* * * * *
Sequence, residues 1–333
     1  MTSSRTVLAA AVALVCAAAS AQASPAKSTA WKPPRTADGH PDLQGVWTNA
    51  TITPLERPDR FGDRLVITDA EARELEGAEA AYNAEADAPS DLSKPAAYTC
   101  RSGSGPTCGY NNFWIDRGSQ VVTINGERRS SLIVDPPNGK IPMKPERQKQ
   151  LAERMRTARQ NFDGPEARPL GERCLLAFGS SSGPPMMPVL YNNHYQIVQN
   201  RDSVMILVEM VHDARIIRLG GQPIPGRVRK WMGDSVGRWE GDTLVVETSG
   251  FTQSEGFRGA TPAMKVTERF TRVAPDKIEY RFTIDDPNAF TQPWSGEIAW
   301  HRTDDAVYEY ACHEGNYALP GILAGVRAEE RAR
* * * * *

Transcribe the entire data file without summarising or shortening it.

Sequence, residues 1–333
     1  MTSSRTVLAA AVALVCAAAS AQASPAKSTA WKPPRTADGH PDLQGVWTNA
    51  TITPLERPDR FGDRLVITDA EARELEGAEA AYNAEADAPS DLSKPAAYTC
   101  RSGSGPTCGY NNFWIDRGSQ VVTINGERRS SLIVDPPNGK IPMKPERQKQ
   151  LAERMRTARQ NFDGPEARPL GERCLLAFGS SSGPPMMPVL YNNHYQIVQN
   201  RDSVMILVEM VHDARIIRLG GQPIPGRVRK WMGDSVGRWE GDTLVVETSG
   251  FTQSEGFRGA TPAMKVTERF TRVAPDKIEY RFTIDDPNAF TQPWSGEIAW
   301  HRTDDAVYEY ACHEGNYALP GILAGVRAEE RAR